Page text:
A powerful storm will lash the northeastern United States with heavy rain, locally damaging winds and significant travel disruptions into Monday.
The storm will be fed in part by moisture and energy from Tropical Storm Philippe.
Rain and wind that began to pick up on Sunday morning in the mid-Atlantic will only increase and become more disruptive from south to north into Monday morning.
The storm will be moving at a swift pace which will limit the most intense wind and rain to a six to 12 hour period.
Flood threat to mount into Monday morning
“The area from eastern Pennsylvania and New Jersey to central and eastern New York state to New Hampshire has the greatest potential for flash and urban flooding,” AccuWeather Senior Meteorologist Alex Sosnowski said.
Significant water rises can occur on area streams and rivers.
Widespread rainfall totals of 2-5 inches are anticipated along this swath, with localized areas potentially picking up over 6 inches of rain.
Street flooding will be magnified where fallen leaves block storm drains. The combination of rain and fallen leaves will lead to slippery roads, making it necessary for motorists to slow down.
Strong winds to threaten damage, power outages
Coastal areas and the highest elevations of New England will be lashed with wind gusts up to 70 mph at the storm’s peak on Sunday evening and night.
“Strong wind gusts of 40 to locally 55 mph from the northwest and west are also expected to develop across the back side of the storm from Virginia's I-81 corridor later Sunday to Washington, D.C., Syracuse, New York, and New York City on Sunday night into Monday morning,” AccuWeather Senior Meteorologist Kristina Pydynowski said.
Winds of this magnitude can easily knock down trees, trigger power outages and minor property damage.
As the wind pushes water toward the upper mid-Atlantic and New England coasts, a period of minor coastal flooding can occur.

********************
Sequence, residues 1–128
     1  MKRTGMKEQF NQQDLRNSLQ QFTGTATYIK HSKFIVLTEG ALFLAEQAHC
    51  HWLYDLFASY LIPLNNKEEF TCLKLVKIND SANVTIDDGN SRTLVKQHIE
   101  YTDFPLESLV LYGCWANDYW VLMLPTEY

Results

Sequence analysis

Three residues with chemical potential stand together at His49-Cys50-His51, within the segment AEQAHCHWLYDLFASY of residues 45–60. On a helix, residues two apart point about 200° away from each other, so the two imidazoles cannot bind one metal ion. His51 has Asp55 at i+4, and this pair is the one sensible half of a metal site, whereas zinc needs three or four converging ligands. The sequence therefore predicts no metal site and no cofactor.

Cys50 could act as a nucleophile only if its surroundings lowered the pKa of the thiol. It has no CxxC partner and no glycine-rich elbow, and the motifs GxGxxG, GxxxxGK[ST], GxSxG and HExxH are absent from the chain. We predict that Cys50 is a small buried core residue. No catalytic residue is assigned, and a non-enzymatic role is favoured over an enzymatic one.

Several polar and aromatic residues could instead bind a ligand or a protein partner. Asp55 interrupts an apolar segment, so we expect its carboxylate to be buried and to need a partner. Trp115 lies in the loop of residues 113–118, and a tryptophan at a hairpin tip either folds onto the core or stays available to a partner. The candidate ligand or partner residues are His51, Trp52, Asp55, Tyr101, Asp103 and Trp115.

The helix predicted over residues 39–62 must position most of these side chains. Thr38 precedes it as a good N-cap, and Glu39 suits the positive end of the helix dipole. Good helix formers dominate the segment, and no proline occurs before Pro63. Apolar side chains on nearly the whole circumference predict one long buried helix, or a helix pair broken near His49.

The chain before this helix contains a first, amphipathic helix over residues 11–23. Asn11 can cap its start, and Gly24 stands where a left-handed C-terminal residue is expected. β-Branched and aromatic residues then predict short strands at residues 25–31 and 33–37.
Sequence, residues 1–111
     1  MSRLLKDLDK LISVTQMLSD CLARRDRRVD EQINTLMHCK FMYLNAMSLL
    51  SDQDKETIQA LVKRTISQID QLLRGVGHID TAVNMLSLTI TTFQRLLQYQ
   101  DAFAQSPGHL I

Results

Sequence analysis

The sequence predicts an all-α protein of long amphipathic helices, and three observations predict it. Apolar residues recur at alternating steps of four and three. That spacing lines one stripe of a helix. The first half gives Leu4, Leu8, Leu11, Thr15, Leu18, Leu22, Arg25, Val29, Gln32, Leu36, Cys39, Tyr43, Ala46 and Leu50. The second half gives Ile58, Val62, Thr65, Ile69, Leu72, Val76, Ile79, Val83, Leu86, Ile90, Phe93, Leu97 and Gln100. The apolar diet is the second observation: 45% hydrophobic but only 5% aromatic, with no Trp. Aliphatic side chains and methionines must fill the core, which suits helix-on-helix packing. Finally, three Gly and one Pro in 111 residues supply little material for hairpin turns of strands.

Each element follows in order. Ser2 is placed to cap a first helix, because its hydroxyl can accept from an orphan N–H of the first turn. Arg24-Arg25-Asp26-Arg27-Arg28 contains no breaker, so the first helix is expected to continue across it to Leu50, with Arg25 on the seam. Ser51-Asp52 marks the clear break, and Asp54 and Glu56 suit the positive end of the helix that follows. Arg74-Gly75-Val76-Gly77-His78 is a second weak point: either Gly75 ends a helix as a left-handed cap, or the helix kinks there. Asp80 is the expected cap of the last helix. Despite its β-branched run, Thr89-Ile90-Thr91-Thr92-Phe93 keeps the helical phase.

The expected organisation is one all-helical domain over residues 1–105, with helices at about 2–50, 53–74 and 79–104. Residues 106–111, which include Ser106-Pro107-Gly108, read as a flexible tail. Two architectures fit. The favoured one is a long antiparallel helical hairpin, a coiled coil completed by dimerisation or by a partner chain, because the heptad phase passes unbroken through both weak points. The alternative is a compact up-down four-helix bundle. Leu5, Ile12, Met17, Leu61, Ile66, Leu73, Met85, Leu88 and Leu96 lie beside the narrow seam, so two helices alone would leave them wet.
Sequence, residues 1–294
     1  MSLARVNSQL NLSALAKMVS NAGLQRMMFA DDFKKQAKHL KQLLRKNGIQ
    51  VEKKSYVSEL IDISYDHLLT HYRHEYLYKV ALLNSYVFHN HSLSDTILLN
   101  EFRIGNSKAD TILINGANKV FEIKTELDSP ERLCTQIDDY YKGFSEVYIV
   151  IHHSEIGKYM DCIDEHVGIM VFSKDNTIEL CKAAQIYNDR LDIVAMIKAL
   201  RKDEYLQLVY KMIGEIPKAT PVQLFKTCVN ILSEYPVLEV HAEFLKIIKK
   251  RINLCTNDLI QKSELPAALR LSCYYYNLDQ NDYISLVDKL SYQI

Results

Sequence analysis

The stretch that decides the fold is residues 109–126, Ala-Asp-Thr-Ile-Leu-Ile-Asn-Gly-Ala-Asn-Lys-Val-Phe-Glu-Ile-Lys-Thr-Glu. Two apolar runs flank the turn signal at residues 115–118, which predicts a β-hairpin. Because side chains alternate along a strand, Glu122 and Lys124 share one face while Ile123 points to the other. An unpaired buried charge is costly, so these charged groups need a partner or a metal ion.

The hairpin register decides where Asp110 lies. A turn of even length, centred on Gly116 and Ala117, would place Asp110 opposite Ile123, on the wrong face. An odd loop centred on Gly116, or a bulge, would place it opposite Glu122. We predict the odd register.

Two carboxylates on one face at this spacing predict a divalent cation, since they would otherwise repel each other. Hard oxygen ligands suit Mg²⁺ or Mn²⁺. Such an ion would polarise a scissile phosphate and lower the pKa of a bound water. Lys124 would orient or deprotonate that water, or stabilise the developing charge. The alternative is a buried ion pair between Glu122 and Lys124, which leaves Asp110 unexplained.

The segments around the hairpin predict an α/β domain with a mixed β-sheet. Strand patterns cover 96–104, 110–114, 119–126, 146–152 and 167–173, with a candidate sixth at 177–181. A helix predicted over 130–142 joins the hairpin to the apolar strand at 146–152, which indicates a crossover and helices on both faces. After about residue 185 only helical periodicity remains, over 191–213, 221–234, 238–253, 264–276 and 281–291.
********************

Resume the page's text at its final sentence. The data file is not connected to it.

“The strong winds and ripple effect of delays may cause lengthy delays at airports located in Boston; New York City and Syracuse, New York; Philadelphia and Washington, D.C.,” Pydynowski said.
Delays were already mounting in the Northeast on Sunday morning due to low clouds and rain. Passengers at LaGuardia Airport in New York City were experiencing delays up to two hours, according to FlightAware.
“The winds may lead to significant travel disruptions for the Monday morning commute in the Northeast,” Pydynowski said.
Snow to blanket high elevations
As chilly air invades the back edge of the storm, rain will mix with and possibly changeover to all snow across the higher elevations of Virginia, West Virginia, Maryland, Pennsylvania and New York state by Monday morning.
Several inches of snow can accumulate across the highest peaks, especially in West Virginia, and lead to slippery travel.
Strong winds, disruptions to linger in wake of storm
“On Monday, drier air will rush back into the [region] on the heels of gusty, northwesterly winds,” AccuWeather Meteorologist Kyle Elliott said.
“Additional sporadic power outages and tree damage may result,” Pydynowski said.
Motorists and pedestrians will need to be on the lookout for downed power lines and trees as they venture out to work and school.
“Temperatures will also take a notable downturn on Monday, and the gusty winds will make the air feel that much colder,” Elliott said.
Those who remain without power on Monday night may find it difficult to stay warm as temperatures will dip into the 30s F away from the coast with AccuWeather RealFeel® Temperatures in the 20s F.
Winds will slacken later Monday into Tuesday, but enough of a cold breeze over the warm Great Lakes will linger to trigger rain and snow showers and areas of slippery travel downwind of the lakes.